Though I never really hopped on the That's So Raven train like everyone else, I always loved Raven-Symoné as Olivia in The Cosby Show. As a tiny tot, she was always full of sass and knowledge, and I took pleasure in watching her put the Huxtables in their places. However, these iconic characters are far from the woman who we see now. Since her Oprah: Where Are They Now interview in the fall of last year, Raven-Symoné has been saying some pretty offensive things about race and identity in this country. On Wednesday, while guest-hosting on The View, the ladies were sharing their opinions about women's faces being on the new $20 bill. According to polls, the current favorite is Harriet Tubman. Raven-Symoné doesn't want Harriet Tubman to be on the $20 bill, apparently, because she stated,
“No offense to everyone that’s going to be mad at me for saying this, I don’t like that idea. I think we need to move a little bit forward. Let me just preface that I understand the history, I get it Trust me, I was taught, I was in that culture. … I would’ve chosen Rosa Parks. I would have chosen someone that is closer to the progression that we’re doing now. I know you have to understand history so you don’t repeat it, but that doesn’t happen in our world, because we still repeat history of hating other cultures over and over again. I would choose a different woman, no offense.”
I’m not going to completely denounce Raven-Symoné for her opinion, because — for once — I partially agree with her. Tubman ran away from slavery, and went back to slave-holding states 13 times to help free more slaves. As Danielle C. Benton of The Roots points out, since slaves were used as currency during Tubman's time, it might be a little bizarre to put her face on a bill. Slavery, labor and oppression helped build America's economy, and Tubman's legacy was built because of her resistance to this very same economy. It would be problematic to put Tubman's face on the same money that helped to buy and sell the very people she so was intent on freeing — especially since it's the same currency that continues to help maintain social and economic inequalities today.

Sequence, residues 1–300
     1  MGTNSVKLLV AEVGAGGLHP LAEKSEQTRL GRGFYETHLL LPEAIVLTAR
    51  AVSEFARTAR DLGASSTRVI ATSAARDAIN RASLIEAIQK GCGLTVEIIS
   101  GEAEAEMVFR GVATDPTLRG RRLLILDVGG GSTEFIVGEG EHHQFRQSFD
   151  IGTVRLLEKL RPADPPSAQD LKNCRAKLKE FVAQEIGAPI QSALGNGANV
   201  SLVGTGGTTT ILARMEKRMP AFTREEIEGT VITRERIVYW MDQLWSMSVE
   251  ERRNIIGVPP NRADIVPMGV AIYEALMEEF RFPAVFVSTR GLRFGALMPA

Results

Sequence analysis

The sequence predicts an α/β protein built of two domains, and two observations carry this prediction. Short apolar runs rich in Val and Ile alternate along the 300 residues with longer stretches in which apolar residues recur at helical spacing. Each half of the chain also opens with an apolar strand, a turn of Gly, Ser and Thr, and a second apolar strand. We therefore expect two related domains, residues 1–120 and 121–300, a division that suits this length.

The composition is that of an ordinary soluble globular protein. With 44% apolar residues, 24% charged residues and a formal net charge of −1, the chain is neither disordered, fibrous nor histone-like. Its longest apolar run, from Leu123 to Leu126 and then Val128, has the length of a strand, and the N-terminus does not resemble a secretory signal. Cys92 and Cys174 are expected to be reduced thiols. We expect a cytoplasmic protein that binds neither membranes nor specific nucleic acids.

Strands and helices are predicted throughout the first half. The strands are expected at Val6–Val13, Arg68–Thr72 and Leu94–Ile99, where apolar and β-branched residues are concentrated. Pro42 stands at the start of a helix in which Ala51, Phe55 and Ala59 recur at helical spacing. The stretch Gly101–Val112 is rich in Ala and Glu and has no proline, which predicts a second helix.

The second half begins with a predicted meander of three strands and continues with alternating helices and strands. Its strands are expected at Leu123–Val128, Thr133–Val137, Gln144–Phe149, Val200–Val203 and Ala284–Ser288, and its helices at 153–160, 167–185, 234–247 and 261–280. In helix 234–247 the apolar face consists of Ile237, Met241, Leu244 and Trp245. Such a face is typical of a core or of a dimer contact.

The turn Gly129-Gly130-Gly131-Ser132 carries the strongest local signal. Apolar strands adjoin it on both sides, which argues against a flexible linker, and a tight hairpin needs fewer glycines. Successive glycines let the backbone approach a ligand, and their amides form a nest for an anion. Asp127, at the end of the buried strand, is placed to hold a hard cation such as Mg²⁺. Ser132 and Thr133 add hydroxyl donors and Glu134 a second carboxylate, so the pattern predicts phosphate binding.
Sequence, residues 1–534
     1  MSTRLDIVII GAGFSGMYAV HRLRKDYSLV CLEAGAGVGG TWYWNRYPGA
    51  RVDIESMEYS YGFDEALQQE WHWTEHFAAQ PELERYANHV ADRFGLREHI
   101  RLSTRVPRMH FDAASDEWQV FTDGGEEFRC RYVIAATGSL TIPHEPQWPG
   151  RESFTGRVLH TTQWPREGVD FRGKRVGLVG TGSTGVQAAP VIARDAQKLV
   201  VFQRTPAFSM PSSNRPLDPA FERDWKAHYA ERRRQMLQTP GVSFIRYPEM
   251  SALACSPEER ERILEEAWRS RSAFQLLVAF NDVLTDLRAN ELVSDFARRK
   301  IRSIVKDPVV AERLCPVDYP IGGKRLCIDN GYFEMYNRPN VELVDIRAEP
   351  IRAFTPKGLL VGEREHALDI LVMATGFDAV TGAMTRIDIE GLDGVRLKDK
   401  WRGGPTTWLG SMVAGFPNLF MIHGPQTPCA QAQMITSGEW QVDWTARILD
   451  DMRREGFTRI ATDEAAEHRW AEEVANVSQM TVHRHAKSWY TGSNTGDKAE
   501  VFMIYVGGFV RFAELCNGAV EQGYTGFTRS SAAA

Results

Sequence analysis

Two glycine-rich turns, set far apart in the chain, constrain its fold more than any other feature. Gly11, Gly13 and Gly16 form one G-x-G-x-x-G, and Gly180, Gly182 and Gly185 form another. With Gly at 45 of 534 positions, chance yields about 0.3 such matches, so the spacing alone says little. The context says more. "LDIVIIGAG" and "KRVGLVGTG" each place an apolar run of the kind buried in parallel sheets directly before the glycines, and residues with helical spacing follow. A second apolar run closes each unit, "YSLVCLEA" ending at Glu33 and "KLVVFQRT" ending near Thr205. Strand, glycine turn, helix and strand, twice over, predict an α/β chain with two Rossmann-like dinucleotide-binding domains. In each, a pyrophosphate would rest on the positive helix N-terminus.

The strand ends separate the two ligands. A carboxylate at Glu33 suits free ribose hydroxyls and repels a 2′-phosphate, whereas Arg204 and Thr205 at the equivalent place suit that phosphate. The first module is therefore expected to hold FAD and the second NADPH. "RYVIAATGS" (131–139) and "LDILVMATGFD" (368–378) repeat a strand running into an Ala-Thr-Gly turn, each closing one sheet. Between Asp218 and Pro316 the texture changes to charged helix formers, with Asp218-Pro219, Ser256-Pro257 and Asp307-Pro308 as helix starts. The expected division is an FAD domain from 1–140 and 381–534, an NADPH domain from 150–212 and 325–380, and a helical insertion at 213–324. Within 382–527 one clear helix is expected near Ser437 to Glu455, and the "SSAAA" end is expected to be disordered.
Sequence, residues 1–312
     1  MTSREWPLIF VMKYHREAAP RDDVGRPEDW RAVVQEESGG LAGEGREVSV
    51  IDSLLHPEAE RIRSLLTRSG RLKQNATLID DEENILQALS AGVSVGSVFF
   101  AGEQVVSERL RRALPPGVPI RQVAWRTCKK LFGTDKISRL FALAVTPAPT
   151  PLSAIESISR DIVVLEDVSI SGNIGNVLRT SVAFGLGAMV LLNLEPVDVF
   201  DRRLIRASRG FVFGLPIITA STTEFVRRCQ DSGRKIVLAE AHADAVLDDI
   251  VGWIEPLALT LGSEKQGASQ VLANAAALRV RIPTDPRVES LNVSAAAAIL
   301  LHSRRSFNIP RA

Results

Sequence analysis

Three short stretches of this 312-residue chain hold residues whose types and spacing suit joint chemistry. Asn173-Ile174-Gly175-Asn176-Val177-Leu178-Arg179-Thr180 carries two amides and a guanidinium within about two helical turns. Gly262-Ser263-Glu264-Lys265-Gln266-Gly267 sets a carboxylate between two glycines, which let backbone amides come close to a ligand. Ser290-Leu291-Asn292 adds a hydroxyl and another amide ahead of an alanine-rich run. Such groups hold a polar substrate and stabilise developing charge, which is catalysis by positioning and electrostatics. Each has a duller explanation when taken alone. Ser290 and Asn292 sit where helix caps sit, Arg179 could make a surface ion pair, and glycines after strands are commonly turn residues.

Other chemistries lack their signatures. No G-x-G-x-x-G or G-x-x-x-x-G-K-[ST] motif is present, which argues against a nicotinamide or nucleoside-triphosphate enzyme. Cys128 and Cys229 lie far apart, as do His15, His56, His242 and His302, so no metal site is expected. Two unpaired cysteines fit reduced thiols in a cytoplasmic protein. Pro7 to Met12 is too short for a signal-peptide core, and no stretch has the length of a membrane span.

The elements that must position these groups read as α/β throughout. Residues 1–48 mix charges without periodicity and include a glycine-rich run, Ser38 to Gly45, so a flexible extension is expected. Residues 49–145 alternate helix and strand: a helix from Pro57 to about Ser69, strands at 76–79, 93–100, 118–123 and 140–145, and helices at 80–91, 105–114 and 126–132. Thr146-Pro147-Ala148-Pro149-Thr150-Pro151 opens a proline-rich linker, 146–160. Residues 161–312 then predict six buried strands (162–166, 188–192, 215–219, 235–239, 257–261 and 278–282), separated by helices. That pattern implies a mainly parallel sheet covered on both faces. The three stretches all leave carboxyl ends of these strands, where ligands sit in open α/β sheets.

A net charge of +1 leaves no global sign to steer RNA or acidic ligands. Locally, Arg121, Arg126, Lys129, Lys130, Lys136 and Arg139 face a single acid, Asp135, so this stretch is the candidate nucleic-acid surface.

The wealth gap in this country is daunting, and many of those who are impoverished are minorities. The "Women on 20s" campaign is obviously hoping to spark some change, but the pay gap remains a very real issue — even among women as a cohesive group. While white women earn 78 cents to a man's dollar, black and Hispanic women earn 64 cents and 54 cents respectively. Putting Tubman on the $20 bill might be a step forward, but the historical connotations such an action could hold might just make it a better idea to have someone like Parks — who did not spend most of her life being bought and sold for money — on the bill instead.
And yet, instead of proposing any of these reasons, Raven-Symoné put her foot in her mouth by dismissing the abolitionist and her legacy altogether. Tubman was the only woman to lead in a raid for the Union Army during the Civil War, so to suggest that she is somehow removed from our present struggles is inexcusable.
The issue that I continue to have with Raven-Symoné is her arrogance, and her unwillingness to give sound and well thought out explanations for her opinions. Rosa Park and Harriet Tubman are both women are incredible historical figures who played their part in different eras of our history. The fact that Raven-Symoné tried to dismiss one for the other is a tragedy, even more so that she did so without properly backing up her opinions with sound reasoning. When she suggested we all "move a little bit forward," I got the feeling that she didn't want to talk about slavery at all. Despite what Raven-Symoné may think, we do not live in a colorblind society. Slavery and its repercussions directly correlate to what has been taking place across this country from Ferguson, Missouri to Baltimore, Maryland.
Though Raven-Symoné claims to understand our history, it's clear that she does not. Instead of discussing one of the many reasons why Tubman's face on the $20 bill might dishonor a woman who fought against the commodification of people, she reminded us all why we do not take her seriously.
Check out the video below.
Image: ABC; Getty Images (2)